The proportion of house sales falling through increased in January as a stamp duty holiday deadline approaches.
Rightmove said the percentage of sales agreed across Britain in January which fell through was at nearly three in 10 (29%), up from 22% in January 2019.
The percentage of house sales collapsing has been edging up in recent months, previously standing at 28% in December and 27% in November 2020.
The stamp duty holiday introduced last July ends on March 31 and there have been concerns the “cliff edge” could prompt an increase in buyers pulling out of sales as they realise they will miss the deadline to complete their purchase.
However, there are also strong indicators that many buyers are keen to press ahead, even if they will miss the deadline.
The number of sales in January was up by 5% year-on-year, despite many buyers now being unlikely to meet the stamp duty deadline as the situation currently stands.
Visits to the site were up by 39% compared with January 2020.
The number of prospective buyers contacting estate agents was also up by 7% compared with a year earlier.
The supply of available properties is shrinking. New property listings for sale were down by 21% compared with January 2020 – and Rightmove suggested home schooling may be delaying some people preparing their home to sell.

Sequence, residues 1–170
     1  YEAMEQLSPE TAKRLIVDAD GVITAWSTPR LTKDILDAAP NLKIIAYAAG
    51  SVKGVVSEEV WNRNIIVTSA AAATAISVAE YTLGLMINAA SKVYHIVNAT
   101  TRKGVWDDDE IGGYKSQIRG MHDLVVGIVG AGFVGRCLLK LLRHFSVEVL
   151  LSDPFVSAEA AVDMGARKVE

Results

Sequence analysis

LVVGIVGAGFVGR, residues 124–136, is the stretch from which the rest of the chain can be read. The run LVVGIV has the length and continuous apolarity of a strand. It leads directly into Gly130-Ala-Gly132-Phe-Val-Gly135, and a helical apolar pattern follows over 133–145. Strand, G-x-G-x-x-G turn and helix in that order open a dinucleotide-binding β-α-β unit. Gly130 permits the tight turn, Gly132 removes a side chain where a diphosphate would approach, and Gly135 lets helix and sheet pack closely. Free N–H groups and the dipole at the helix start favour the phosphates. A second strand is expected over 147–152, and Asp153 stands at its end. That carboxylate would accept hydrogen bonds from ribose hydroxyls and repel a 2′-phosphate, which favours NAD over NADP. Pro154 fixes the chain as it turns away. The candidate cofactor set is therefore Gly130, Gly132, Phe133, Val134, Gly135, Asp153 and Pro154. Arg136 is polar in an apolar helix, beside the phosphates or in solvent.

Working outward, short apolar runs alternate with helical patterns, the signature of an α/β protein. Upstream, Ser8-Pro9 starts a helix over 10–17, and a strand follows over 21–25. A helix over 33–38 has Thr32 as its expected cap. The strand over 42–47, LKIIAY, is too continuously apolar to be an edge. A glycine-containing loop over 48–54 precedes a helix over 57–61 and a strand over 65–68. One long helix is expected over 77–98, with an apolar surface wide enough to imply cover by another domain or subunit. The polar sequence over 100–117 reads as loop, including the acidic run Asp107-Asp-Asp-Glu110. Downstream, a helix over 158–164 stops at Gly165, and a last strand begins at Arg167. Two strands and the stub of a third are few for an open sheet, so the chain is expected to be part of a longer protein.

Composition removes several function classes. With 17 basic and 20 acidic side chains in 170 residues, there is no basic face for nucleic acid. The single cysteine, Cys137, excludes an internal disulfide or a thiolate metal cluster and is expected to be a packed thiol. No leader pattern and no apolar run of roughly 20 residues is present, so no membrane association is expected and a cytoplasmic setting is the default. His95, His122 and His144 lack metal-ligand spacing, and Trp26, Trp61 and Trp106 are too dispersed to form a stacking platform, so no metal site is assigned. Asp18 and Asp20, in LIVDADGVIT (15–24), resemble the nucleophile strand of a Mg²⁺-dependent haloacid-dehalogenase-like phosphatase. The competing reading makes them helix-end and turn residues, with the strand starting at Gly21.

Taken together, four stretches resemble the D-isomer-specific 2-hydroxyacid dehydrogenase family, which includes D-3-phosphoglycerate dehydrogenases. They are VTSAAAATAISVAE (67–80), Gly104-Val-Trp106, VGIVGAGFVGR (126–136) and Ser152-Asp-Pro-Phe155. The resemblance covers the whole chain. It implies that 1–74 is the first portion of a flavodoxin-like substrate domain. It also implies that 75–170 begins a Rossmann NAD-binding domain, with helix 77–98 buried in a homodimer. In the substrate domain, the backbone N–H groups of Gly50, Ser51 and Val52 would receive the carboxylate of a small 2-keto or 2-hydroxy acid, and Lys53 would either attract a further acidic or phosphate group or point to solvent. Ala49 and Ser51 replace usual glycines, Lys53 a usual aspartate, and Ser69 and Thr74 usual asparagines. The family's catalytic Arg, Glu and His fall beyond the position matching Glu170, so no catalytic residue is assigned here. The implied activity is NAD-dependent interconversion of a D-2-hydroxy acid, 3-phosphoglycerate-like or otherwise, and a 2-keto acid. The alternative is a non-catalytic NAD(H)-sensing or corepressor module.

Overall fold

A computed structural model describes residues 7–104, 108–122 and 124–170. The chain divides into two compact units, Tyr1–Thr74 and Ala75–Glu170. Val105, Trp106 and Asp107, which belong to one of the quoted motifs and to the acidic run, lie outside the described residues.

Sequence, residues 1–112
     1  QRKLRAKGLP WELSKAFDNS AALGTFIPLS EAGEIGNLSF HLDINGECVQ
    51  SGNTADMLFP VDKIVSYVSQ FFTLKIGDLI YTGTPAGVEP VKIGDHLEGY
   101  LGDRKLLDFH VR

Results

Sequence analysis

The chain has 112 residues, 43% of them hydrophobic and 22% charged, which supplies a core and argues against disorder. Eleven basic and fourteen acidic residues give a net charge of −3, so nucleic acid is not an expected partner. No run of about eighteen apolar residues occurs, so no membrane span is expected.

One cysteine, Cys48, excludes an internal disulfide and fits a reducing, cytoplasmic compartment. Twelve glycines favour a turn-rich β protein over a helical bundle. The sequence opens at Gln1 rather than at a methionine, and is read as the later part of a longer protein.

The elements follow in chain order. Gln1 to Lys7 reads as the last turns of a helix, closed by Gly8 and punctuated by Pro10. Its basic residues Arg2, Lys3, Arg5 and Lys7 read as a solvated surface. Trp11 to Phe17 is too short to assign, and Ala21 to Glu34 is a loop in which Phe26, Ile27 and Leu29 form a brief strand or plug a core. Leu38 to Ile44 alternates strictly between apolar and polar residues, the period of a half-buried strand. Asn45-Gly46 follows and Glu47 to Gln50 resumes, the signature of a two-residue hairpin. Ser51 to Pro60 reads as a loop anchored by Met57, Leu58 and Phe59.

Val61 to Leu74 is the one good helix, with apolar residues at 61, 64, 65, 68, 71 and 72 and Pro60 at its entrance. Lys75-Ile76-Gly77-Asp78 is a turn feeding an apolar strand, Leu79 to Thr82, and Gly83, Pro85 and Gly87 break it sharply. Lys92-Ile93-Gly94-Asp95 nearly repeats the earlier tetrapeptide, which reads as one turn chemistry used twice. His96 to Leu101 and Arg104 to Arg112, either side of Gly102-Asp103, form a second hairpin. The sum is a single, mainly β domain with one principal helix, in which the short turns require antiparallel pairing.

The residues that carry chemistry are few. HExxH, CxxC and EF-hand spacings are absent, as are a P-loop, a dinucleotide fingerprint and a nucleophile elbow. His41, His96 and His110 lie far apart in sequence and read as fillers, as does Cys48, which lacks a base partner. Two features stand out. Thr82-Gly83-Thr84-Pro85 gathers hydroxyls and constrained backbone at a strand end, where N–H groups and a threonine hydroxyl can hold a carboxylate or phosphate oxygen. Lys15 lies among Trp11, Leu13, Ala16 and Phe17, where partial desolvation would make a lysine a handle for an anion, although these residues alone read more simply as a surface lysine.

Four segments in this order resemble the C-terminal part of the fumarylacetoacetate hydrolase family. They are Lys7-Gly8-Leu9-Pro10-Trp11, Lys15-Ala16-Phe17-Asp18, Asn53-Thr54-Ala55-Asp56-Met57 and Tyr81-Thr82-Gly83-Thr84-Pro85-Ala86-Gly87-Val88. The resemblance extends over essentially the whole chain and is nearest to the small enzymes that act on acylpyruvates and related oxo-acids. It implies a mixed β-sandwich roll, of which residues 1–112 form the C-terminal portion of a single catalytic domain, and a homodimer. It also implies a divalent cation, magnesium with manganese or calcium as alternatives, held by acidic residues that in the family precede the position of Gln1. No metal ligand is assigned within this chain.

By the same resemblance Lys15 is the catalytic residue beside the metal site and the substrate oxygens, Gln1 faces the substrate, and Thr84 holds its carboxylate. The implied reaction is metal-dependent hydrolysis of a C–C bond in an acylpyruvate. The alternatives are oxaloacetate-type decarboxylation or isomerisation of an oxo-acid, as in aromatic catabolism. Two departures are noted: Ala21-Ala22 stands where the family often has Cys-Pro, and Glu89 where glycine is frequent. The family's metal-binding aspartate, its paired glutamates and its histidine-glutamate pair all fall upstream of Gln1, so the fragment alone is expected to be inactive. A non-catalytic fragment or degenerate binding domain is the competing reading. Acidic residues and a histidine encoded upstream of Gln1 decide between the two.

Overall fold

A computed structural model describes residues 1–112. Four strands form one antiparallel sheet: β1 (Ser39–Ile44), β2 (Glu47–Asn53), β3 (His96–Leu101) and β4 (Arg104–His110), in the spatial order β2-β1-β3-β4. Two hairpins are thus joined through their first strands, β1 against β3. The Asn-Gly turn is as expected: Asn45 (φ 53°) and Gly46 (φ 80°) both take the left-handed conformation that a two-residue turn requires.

Demand for homes is also strong among rental sector tenants, with 14% more renters looking for property, and new listings down by 14%.
Rightmove’s director of property data Tim Bannister said: “It’s clear that more people than ever before used the new year as a chance to start thinking about moving home, despite all of the challenges and worries that came with January, but we are seeing the effect of lockdown on the number of properties coming to market.
“I know first-hand how hard it is right now to juggle your work commitments with also trying to teach your kids their times tables, so those looking to trade up to a bigger home may find there isn’t as much choice as before in this sector of the market until kids start going back to school.
“We’re starting to see fall-throughs creep up a bit, though not by a substantial amount, a sign that some deals may be falling apart as they know they won’t complete in time to make the stamp duty holiday deadline, though this is likely to be in the groups set to make more substantial savings.”
He said the start of February so far looks encouraging for activity, pointing to some positive signs for the next few months and into the second quarter of the year.